Valeant partners with AstraZeneca for psoriasis drug

By MoneyTimes

Sep 02, 2015 09:45 AM EDT

Valeant Pharmaceuticals, Inc. of Canada has partnered with AstraZeneca for the selling rights of psoriasis drug brodalumab. Amgen Inc. ended its partnership with AstraZeneca due to its worries over the drug's side effects.

AstraZeneca will receive $100 million upfront payment plus $170 million for milestones achieved before the launch of the drug and a maximum of $175 million after the launch. In the deal, the two companies will share profits on drug sales.

Valeant will take the responsibility of covering development costs that are related to the drug's regulatory approval since the company comes with a huge portfolio of dermatological drugs. Valeant is said to send the drug for regulatory approval in Europe and in the United States in the last quarter of 2015.

Valeant will also have the exclusive rights for commercializing and developing brodalumab worldwide except for some countries including Japan and particular countries where Kyowa Hakko Kirin Co. holds the rights to the drug. Kyowa Hakko and Amgen, the company that first developed the drug, already had a deal regarding property rights on certain countries.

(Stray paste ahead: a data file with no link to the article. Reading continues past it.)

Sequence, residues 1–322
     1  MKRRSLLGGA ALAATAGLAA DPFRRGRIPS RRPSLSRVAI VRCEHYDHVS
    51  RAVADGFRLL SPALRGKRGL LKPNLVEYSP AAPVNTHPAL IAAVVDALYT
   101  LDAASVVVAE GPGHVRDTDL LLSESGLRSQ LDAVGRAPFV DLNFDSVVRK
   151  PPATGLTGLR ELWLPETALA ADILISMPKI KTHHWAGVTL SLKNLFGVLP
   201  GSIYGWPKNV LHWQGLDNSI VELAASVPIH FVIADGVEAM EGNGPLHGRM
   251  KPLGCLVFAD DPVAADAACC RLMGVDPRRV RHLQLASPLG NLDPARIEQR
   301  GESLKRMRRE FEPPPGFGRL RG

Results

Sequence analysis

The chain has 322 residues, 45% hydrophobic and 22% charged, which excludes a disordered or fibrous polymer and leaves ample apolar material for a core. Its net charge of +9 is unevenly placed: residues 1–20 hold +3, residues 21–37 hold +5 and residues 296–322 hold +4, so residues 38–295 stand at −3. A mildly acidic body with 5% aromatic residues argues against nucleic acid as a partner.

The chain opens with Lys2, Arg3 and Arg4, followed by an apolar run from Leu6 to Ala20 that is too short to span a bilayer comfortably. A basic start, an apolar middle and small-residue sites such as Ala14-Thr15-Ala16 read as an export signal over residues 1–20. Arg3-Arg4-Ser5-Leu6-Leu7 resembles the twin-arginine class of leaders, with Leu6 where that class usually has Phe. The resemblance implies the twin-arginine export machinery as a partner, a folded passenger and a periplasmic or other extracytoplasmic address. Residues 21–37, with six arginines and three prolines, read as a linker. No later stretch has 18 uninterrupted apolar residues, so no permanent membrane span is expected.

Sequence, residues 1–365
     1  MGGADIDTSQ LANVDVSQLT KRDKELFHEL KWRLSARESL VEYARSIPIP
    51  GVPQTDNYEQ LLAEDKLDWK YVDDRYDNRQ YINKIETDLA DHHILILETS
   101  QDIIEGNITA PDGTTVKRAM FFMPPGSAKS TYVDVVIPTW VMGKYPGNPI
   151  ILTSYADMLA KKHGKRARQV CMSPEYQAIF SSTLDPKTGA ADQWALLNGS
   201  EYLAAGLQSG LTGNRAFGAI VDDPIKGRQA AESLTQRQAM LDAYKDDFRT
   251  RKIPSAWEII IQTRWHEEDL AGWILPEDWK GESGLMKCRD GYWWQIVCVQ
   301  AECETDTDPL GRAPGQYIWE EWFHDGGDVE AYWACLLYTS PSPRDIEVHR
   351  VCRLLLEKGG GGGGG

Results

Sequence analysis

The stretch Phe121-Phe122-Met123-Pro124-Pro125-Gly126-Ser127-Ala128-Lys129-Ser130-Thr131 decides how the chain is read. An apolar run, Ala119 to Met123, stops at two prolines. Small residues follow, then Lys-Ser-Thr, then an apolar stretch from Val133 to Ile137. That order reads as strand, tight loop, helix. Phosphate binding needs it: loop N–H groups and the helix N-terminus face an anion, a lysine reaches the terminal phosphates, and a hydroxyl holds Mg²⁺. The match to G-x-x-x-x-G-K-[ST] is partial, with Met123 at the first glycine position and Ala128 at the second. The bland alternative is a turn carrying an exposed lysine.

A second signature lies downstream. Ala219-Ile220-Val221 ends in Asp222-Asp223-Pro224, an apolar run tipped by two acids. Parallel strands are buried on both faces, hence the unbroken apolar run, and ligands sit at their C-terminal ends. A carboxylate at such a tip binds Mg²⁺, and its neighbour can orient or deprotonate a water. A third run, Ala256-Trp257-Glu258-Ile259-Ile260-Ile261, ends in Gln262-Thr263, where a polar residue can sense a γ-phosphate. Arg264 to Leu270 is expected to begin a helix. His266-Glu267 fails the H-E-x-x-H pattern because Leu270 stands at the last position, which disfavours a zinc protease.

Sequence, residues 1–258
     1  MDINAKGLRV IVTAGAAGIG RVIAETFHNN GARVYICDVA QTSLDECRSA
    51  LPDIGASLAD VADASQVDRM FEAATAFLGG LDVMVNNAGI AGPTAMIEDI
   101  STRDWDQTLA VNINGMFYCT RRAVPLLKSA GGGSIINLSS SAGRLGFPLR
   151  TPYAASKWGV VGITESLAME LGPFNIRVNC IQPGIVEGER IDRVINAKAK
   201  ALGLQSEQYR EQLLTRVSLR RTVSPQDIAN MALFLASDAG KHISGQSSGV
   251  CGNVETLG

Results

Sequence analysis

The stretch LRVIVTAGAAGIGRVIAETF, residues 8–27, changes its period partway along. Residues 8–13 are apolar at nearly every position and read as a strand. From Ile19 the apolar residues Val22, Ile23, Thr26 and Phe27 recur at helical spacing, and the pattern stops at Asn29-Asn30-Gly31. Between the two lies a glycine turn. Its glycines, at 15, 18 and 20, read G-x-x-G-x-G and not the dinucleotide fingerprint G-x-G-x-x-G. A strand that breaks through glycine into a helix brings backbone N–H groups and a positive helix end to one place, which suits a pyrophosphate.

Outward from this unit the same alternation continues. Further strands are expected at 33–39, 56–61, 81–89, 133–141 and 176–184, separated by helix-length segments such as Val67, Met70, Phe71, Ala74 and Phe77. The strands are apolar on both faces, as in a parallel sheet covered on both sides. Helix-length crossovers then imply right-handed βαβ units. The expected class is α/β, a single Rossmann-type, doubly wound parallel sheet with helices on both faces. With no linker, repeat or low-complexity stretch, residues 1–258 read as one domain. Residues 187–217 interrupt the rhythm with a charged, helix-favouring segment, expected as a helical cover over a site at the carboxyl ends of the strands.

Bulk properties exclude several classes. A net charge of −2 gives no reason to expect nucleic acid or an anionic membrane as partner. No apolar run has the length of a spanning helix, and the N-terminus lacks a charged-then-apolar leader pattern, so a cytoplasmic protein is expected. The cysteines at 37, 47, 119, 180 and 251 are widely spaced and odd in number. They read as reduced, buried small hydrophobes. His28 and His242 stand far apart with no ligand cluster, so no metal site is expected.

Amgen mentioned that the drug had adverse effects such as suicidal thoughts and behavior in its clinical trials. Amgen further said that the drug should be under restrictive labeling.

According to Valeant CEO and Chairman J. Michael Pearson, the drug brodalumab is possibly the most effective therapy so far for moderate to acute plaque psoriasis. But analysts have warned that the drug may face challenges in getting market share after approval because of its adverse effects.

If approved, the drug will compete with Cosentryx by Novartis that was introduced early this year. The dermatological drugs come with antibodies that affect a protein called IL-17 but use varying mechanisms.

Ixekizumab, another psoriasis drug, was developed by Lilly and was submitted for regulatory approval early this year. Ixekizumab and cosentryx were not linked to suicidal thoughts.

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